Step 2

Pulmonary 7

A 61-year-old woman with mild persistent asthma controlled with inhaled corticosteroids and an as needed albuterol inhaler presents to the emergency department with shortness of breath and audible “wheezing” for approximately 5-7 days after a total thyroidectomy for papillary carcinoma of the thyroid. The difficulty with breathing has steadily worsened, despite increasing use of albuterol. She reports a tingling sensation around the mouth and numbness in her hands and feet with sporadic muscle cramps mainly in the legs throughout the day and especially at night. On physical examination, she appears to be in mild respiratory distress, with a respiratory rate of 22 breaths/min, using some accessory muscles, and not being able to finish all her sentences. Lung examination is significant for expiratory wheezing throughout all fields. A chest radiograph is performed (see figure below). An arterial blood gas is drawn and shows a pH of 7.36, PCO2 of 40 mm Hg, and PO2 of 90 mm Hg on 2 L nasal cannula oxygen. The patient is given intravenous glucocorticoids and continuously nebulized albuterol and ipratropium. Despite this, she remains symptomatic with audible stridor.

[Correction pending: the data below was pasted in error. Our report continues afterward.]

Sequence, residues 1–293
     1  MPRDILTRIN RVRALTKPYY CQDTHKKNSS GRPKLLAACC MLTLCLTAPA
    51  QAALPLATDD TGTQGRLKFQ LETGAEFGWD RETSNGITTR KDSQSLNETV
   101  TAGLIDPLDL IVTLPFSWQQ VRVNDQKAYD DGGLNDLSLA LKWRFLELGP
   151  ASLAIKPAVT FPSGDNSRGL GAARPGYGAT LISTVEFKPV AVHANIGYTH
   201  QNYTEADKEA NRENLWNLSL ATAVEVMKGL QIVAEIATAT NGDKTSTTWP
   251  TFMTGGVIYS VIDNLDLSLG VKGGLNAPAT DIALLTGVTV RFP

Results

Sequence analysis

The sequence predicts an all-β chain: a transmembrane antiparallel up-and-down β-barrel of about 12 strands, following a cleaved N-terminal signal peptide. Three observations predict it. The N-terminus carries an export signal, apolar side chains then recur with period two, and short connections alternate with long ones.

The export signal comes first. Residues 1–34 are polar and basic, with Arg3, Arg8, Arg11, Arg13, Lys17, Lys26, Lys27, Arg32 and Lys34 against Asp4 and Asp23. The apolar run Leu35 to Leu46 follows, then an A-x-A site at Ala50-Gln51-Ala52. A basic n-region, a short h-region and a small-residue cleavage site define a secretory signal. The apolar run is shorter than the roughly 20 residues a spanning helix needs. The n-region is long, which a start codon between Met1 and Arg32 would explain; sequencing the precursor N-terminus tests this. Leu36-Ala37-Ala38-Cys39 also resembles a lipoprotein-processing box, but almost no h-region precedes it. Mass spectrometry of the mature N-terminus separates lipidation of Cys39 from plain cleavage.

Which of the following is the most appropriate next step in the treatment for this patient’s respiratory symptoms?

  • A) Calcium chloride or calcium gluconate intravenously
  • B) Double the dose of the intravenous glucocorticoids
  • C) Emergent intubation
  • D) Start intravenous aminophylline
  • E) Start intravenous terbutaline


Dr. Raj Dasgupta


Dr. Raj Dasgupta